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Lessons Learned through Grief

Hi, my name is Dan. My dad had cancer when I was eighteen. I’m a few years older now, so I thought I would write a bit about my experience, in the hope that it might help you with what you’re dealing with.

I’ve had some time to put things into perspective now, but at the time I had no idea how to deal with the knowledge of my dad’s illness. So, I’ve included some of my thoughts here that I hope you find useful.

Dan's story

When my parents sat me down to talk about my dad’s cancer, they told me that it was likely terminal. The doctors estimated that he had another four or so months, which turned out to be pretty accurate. Even so, during my dad’s treatment no one really acted like he was going to die. In that environment I could distance myself from the situation by focusing on school and my social life; so much so that it didn’t sink in what it meant that my dad was in palliative care. 

When my mom told me he had passed away I felt a slight shock, but it was fairly insubstantial compared to what I had gone through leading up to that point. Maybe the most distressing thing was how little I felt. I didn’t know what to do; I went for a walk, met up with some friends, ate dinner. Soon, though, I discovered the strange, unpredictable process of grieving. 

I struggled with the idea of him being gone permanently. Sometimes I would dream that his cancer was just a joke, and he was alive after all. I felt guilty for different reasons; it could be because I wasn’t sad enough, or because I felt I was using my dad’s death to get pity from my friends. Sometimes I just missed him. These feelings could come all at once, one at a time, or not at all. It became difficult to predict how I’d feel from one day to the next. There were times when trivial things got wrapped up in my grieving; I would become extremely anxious about school, or my social life. I got in the habit of stopping myself at these times and wondering “is this really about my dad’s death?” And the answer was usually “yes”. 

There were some fleeting thoughts in my mind about how long I was ‘supposed’ to feel sad for, and when I could go back to being my normal self. For a while it felt appropriate to be sad, and I thought I should just let my feelings run their course. I got sick of that pretty quick, though, and then I just wanted to feel happy again. That’s when I realized I didn’t have as much of a choice as I thought; I began the uphill battle of overcoming my grief.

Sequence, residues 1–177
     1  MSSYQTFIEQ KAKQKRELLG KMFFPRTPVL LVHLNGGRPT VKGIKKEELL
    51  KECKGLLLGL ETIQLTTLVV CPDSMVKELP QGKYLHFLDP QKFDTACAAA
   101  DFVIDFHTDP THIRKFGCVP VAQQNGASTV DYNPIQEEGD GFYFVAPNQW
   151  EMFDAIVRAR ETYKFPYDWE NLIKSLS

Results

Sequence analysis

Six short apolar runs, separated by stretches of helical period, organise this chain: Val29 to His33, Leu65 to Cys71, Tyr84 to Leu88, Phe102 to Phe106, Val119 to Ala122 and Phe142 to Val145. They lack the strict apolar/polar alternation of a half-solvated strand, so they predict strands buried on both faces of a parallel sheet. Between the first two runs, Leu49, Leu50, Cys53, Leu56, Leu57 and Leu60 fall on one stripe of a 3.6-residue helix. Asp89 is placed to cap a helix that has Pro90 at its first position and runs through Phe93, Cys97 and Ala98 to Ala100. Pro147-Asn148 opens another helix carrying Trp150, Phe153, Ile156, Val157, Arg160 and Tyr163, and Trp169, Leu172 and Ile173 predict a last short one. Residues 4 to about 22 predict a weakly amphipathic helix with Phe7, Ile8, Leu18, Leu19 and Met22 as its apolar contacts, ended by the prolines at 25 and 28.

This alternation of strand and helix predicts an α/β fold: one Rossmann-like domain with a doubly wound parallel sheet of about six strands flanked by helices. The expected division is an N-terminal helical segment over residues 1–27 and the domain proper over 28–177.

I tried many things to make myself feel better. When my mind would stray to thoughts about my dad I would say “stop”, and try to change the subject. At other times I would vent my feelings physically; once I hit an old rotten fence behind my house with a baseball bat. I also partied with my friends (a little too much) as a way of distraction. With these methods I achieved varying amounts of success, but my relief was only ever temporary. 

My advice is to be careful about the ways in which you cope. You might feel like shutting everything out by isolating yourself, or turning to alcohol or other drugs. Like the methods described above, these are only temporary solutions, and they have negative physical and mental effects that can make things worse. I believe the best way to overcome grief is through a process of self-reflection and acceptance. This will take time, though, and you’ll have to first understand that a period of pain is unavoidable. Just remember that you are your best friend in all of this; you are the only one who can figure out what it is that will help. At times like this, it’s okay to be selfish and do what’s in your best interest, so long as it puts you on the right track toward feeling better. 

That doesn’t mean you shouldn’t try to be there for your family though. It can be hard to be supportive for your siblings or parents when you’re going through so much yourself. Remember, though, that they’re going through the same things you are. This goes both ways too; since you’re there for them, allow yourself to use them for support. Don’t try to spare them from your sadness, because they want to know how you feel. Next to yourself, your family members will be your best allies in getting through your grief. 

The biggest question I had, and the one I want to answer for you, is “how long will this last?” My answer is that, for me, it never exactly went away; it just changed. The sadness faded, things felt normal again, and I became, for the most part, happy; yet even years later I would sometimes get upset. In fact, it wasn’t until over a year after that I was really able to cry about it. You’ll come to understand what it means for this person to be gone, and that will be difficult. There are experiences that my dad and I will never share, and there are many times since his death that I’ve wanted his guidance. There’s nothing to do but continue on, and accept this as part of who you are, as a challenge you have to overcome. 

As you grow older you’ll realize that many people encounter tragedy at some point, and people differ in how well they navigate that tragedy. Some people let it define who they are for the rest of their lives. Understand that your loss might change you, and, rather than regret this, grow and draw strength from it. Take time to grieve, but always keep your own well being ahead of you as a goal. Perhaps before you’re ready, people will expect you to “move on”, and your grief won’t be an excuse not to perform well in school or be social. That first step toward going back to your regular self will probably seem scary, and you can’t do it all at once, but little by little, you have to try. Your life has taken a different course than you thought it would; this is something that will always affect you. However, with a bit of time and perspective, things will get better.


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